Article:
We played three missions in China, and during that time we discovered the basic moves and mechanics. There was some movement between different paths, but for the most part the parallax level structure wasn't integral to the action. However, this wasn't the case in India. We got to try one level there, and in this game we were regularly darting between paths, the camera happily spinning around and following us into the background.
Another interesting new addition that appeared in India that we hadn't seen in China was crumbling environments; wall and ceiling panels that fell away upon contact. It certainly speeds things up when the world around you is tumbling down all around, and some of the platforming was quite challenging. It was also interesting that these platforming hazards could also be used to your advantage, either to distract guards, or with good timing, even dropping rubble on the heads of enemies standing below.
Environmental hazards also came into play when we were exploring Precursor ruins. There's platforms that burst into life when activated, killing whoever is standing atop. Luring guards onto these tiles via a whistle or a sound dart is a surefire way of getting rid of them. Chronicles has a nice way of explaining these hazards for the player without interrupting the action too much. In China we're shown that running past a caged bird will cause it to tweet and thus alert nearby guards when an NPC does just that. Later in India we're shown what happens when you stand on one of the Precursor tiles, when a guard makes a schoolboy error and wanders onto one of these deathly squares only to perish while we watched on from safety.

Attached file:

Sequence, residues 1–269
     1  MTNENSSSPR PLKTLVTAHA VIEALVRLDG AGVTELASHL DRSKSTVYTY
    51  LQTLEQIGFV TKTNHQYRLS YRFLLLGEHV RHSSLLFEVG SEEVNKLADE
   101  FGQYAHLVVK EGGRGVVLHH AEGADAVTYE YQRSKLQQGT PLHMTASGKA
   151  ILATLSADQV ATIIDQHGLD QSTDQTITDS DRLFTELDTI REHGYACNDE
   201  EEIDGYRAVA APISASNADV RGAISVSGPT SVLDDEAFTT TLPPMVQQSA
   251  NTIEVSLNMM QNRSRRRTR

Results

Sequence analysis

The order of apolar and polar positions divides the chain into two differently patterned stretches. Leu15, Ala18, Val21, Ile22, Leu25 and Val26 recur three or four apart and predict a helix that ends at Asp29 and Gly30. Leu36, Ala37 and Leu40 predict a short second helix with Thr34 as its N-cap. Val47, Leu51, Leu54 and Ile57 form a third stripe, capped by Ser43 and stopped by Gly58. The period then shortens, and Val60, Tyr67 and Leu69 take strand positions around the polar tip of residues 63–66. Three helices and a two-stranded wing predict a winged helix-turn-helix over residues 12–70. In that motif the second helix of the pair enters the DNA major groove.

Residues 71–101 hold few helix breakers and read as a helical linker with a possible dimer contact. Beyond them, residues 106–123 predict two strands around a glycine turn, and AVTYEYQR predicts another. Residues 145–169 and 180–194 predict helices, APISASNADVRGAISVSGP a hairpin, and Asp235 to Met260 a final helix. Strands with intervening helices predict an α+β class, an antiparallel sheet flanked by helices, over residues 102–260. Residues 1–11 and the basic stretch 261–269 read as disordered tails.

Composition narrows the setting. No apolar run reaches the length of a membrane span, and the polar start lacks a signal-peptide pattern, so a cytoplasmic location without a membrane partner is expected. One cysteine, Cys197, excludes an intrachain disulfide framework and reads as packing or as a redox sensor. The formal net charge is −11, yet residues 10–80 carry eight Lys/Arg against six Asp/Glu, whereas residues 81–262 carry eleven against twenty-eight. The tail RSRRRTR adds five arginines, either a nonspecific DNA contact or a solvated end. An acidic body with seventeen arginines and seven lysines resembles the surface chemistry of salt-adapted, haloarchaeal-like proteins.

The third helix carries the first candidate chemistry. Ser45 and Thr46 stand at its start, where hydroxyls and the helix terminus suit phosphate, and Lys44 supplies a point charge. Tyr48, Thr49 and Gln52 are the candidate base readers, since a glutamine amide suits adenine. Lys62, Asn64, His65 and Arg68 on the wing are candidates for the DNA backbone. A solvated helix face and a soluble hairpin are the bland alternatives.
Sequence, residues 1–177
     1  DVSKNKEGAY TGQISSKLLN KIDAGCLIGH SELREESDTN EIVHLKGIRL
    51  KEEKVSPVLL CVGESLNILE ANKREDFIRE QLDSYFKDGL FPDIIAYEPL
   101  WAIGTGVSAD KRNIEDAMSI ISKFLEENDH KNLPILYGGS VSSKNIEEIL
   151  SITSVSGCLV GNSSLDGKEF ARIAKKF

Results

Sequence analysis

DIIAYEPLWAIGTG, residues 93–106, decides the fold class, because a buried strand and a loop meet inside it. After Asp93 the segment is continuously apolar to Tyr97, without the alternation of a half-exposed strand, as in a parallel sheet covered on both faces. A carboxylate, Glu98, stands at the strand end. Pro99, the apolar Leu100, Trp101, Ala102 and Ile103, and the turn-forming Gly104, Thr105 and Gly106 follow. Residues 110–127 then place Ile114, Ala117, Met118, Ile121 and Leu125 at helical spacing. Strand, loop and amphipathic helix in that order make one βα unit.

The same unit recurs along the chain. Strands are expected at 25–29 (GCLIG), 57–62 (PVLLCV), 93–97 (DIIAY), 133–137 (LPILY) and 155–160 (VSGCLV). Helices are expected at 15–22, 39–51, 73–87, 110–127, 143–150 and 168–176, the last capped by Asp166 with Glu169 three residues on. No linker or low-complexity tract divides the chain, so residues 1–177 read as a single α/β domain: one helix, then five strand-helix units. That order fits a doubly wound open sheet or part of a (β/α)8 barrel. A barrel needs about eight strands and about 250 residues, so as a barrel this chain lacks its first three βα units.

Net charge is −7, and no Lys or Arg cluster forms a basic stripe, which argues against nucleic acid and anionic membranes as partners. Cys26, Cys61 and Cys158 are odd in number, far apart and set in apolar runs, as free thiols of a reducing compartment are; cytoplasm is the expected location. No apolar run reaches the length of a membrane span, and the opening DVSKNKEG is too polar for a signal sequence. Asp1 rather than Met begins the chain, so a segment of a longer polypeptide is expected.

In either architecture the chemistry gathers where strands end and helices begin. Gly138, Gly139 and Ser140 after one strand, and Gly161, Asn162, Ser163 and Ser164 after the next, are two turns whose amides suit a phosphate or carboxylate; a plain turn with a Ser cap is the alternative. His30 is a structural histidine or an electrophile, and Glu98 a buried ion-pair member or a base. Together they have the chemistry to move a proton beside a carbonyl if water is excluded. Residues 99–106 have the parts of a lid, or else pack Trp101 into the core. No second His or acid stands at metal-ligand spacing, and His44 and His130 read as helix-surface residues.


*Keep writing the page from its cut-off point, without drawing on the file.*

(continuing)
Perhaps the only thing that didn't feel as good as we were hoping for was the combat. We went into the event expecting something akin to Prince of Persia, but that's not quite what this offers. One-on-one fights seemed fine, but when more enemies pile up there's less fluidity. We're reserving judgement on this until we've played it properly, and have fought a few more battles, because effortless combat may just be a case of practise makes perfect.
We're not sure how long each of these games will be, and it's hard to tell just how much the difficulty ramps between Chronicles. We did notice an increase in challenge between China and India, but we weren't told where in its respective game the India mission was set. What we played we enjoyed, and that's the main thing. Ubisoft and Climax have done a good job in empowering the player with the tools needed to make them feel like they've got the skills to be effective in any situation, and often there's different ways to approach any given scenario.
During our interview we pressed the team to talk to us about their inspirations, specifically from within gaming, but as you might expect they were reluctant to drop names. If they had done they would have surely mentioned Mark of the Ninja, as Chronicles borrows plenty of ideas from that game. This is in no way a bad thing, because Klei Entertainment's offering is one of the best 2D stealth games ever made. We're also reminded of the excellent Shadow Complex, in our opinion another good game to draw inspiration from.
The differing art styles of the three games, the visual language in the environments, the layered systemic gameplay, the pacing and potential for alternative play styles; it's all solid stuff. We came away impressed with what we'd seen and are looking forward to playing more when the first chapter launches on April 22. It looks like Climax have done a good job with China, and while India was still far from polished, and Russia wasn't even present, it's obvious that there's potential here. If you're a big Assassin's fan and you'd like to see the series played out in a different way, this retains the core but injects plenty of new ideas and a new perspective. If you couldn't care less about the lore of the AC series, but like stealth-focused platforms and systemic gameplay, then Chronicles may well have what it takes to pull you into the franchise.